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Jan 20 Sermon: Salvation to the Ends of the Earth – Shawna R. B. Atteberry
Jan 192008
 

Jesus: Salvation to the Ends of the Earth

Isaiah 49:1-7; John 1:29-42

 

 

“It is too light a thing that you should be my servant to raise up the tribes of Jacob and to restore the survivors of Israel; I will give you as a light to the nations, that my salvation may reach to the end of the earth” (Is. 49:6) This is what God says to God’s servant in Isaiah 49. It is too light a thing for you only to raise up and restore Israel. That just isn’t enough for my servant: you are going to be a light to the nations: the very nations that destroyed you and now hold you in exile. Yeah to those nations. You’re going to bring my salvation to the ends of the earth–that’s right the ends of the Persian Empire you are a part of, and no it’s not small. It’s not enough that just Israel is restored: you are going to show to the world the kind of God I am, and they will see my light and salvation. Wow, what a job description. And this is after the servant sighs, “I have labored in vain, I have spent my strength for nothing and vanity.” May be he should have stopped there, but no, he goes on, “yet surely my cause is with the LORD, and my reward with my God.”

 

 

This phrase has been going through my mind all week: It is too little of a thing for you just to save your own people, or one people, or just those who are like you and you agree with. That is too little of a thing for the servant of God. In the context of Isaiah, God is telling this to the Jews. The Jews that are in exile. The Jews that are enslaved and indentured by other countries. They’re not at all sure about this whole return to Jerusalem thing anyway. They know what they’re going to find: rubble. They know what they’re going to have to do: rebuild. That’s why the servant thinks they have labored in vain. But oh no, that’s not all God has in store for the Jews. God has a much bigger plan, a much broader agenda. Much bigger than the Jews wanted. And let’s face it, most of the time bigger than we want.

 

 

As we discussed last week, the servant of God began as Israel, then Jesus fulfilled these passages, and as the Body of Christ, we are now the servant. And what does God tell us? It’s too light of a thing to reach out just to our neighbors, just to our friends, just to those who look like us and agree with us. As God expected Jesus, and as God expected Israel, God expects us to bring God’s light to the nations and God’s salvation to the ends of the earth. Admittedly in Chicago, this is a little more palatable since the nations have come to us. But still it is a monstrous call, to say the least. It’s enough to make a pastor freak out. It’s enough to make most churches freak out. What are we going to do with this call?

 

 

Let’s take a look at how Jesus started. This week our Gospel is from John. Right after Jesus’ baptism in John’s Gospel, John is pointing him out to his disciples and yelling everywhere he goes: “Here is the Lamb of God who takes away the sins of the world!” John’s disciples start paying attention, but two actually do something about John’s testimony. Two of them started following Jesus. When Jesus ask them what they are seeking, they answer that they want to know where he is staying or abiding. Jesus tells them to come and see, and the two abide with Jesus for the afternoon. The next day the two bring two more to Jesus. Andrew brings his brother, Simon, whom Jesus renames upon meeting, and Phillip brings a sarcastic Nathaniel. In all the gospels Jesus starts the same way, with two to four people. He starts small–he does start with the Jews, and it is only later after his resurrection that his light goes to the nations of the world. And then it takes some doing on God’s part to get the Jewish Christians out of Jerusalem and taking the Gospel to the ends of the Roman Empire.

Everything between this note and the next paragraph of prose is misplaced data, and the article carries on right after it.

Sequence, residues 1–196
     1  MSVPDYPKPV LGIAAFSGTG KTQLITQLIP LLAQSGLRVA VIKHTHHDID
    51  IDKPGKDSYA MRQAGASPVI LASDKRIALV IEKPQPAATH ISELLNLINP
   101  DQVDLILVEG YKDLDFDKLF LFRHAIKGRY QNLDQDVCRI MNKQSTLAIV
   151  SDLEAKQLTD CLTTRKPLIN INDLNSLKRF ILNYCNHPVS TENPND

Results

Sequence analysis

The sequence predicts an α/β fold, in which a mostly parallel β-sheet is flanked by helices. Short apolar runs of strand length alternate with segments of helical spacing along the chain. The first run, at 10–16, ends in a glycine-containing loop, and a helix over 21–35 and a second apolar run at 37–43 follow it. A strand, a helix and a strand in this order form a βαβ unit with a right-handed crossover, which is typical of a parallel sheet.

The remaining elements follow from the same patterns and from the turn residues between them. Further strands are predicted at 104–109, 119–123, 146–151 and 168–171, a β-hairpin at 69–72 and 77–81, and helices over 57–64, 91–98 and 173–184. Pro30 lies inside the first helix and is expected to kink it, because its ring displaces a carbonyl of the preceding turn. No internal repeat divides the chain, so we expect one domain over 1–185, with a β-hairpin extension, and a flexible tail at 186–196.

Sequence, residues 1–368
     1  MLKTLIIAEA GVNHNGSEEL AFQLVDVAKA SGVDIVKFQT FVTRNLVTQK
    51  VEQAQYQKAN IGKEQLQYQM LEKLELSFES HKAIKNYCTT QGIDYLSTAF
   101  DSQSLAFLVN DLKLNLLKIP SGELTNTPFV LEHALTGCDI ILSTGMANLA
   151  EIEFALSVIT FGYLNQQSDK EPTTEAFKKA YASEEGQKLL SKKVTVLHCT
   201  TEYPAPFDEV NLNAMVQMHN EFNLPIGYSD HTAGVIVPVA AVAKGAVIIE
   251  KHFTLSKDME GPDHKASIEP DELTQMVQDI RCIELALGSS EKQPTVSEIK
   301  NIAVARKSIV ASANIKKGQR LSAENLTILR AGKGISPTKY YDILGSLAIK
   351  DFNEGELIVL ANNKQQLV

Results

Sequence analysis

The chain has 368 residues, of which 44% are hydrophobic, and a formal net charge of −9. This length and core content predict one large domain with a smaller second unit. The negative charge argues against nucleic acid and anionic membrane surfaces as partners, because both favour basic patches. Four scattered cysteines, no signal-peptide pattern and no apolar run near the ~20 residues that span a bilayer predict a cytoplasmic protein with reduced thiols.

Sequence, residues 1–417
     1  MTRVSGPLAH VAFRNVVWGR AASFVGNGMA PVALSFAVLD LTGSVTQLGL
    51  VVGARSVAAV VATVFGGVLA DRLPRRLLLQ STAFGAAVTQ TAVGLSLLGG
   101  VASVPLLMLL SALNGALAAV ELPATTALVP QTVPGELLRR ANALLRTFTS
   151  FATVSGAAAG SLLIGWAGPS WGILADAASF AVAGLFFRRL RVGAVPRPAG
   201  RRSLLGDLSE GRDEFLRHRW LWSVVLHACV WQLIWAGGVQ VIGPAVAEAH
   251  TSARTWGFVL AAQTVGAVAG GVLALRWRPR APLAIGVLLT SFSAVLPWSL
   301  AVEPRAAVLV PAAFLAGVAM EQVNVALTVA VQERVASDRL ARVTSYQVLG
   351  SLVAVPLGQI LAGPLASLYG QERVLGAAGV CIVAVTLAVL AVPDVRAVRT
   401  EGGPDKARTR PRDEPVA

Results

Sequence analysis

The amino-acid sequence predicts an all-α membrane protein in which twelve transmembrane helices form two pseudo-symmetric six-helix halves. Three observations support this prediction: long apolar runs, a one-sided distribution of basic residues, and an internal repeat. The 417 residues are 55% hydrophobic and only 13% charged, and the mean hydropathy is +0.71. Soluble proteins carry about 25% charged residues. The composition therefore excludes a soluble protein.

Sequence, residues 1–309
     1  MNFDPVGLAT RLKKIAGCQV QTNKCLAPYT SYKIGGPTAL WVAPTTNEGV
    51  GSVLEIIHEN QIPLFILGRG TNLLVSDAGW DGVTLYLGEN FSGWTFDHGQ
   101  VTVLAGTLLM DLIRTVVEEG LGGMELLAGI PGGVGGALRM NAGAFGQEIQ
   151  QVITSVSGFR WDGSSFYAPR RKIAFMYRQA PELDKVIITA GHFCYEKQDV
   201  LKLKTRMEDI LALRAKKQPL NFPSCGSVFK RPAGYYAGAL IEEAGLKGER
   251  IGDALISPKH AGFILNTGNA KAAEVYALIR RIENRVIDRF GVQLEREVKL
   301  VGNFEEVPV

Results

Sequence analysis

God’s call is to take God’s light and salvation everywhere. We do begin in our homes, buildings, and neighborhoods. That is what we are supposed to do. But we are always to keep in mind that is not where we stop. God’s call is still for God’s love, compassion, and salvation to go to the ends of the earth. God’s call is still for us to show God’s light to people that are not like us, to people who don’t agree with us, with people who could be our enemies. Yes, we are small, but so was Jesus and the first disciples. The mission to be light to the ends of the earth always starts small. It grows as we give faithful witness to Jesus and live how he commanded us to live. As more and more of us live this way, people will start asking questions, and then we can say to them “Come and see.” Come and see what this Jesus person is about. Come and see why he makes such a difference in our lives. Come and see why we believe he is the Son of God and Savior of the world. Come and see the light to the nations and the salvation to the ends of the earth. And like John the Baptist that’s what we have to remember. We are not the light. We are only witnesses to the light. And as we live as faithful witnesses to the light of Christ, people will see his light, his love, and his compassion in our lives.

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  3 Responses to “Jan 20 Sermon: Salvation to the Ends of the Earth”

  1. Shawana- I love this, my prayers are with you- may you be blessed as you preach this, may you see growth in your congregation…blessings

    Sally

  2. Good job! I’m praying for you too!
    QP

  3. Thank you Sally and Quaker Pastor. I made it through yesterday and am finally feeling better today. Thank you for your prayers.

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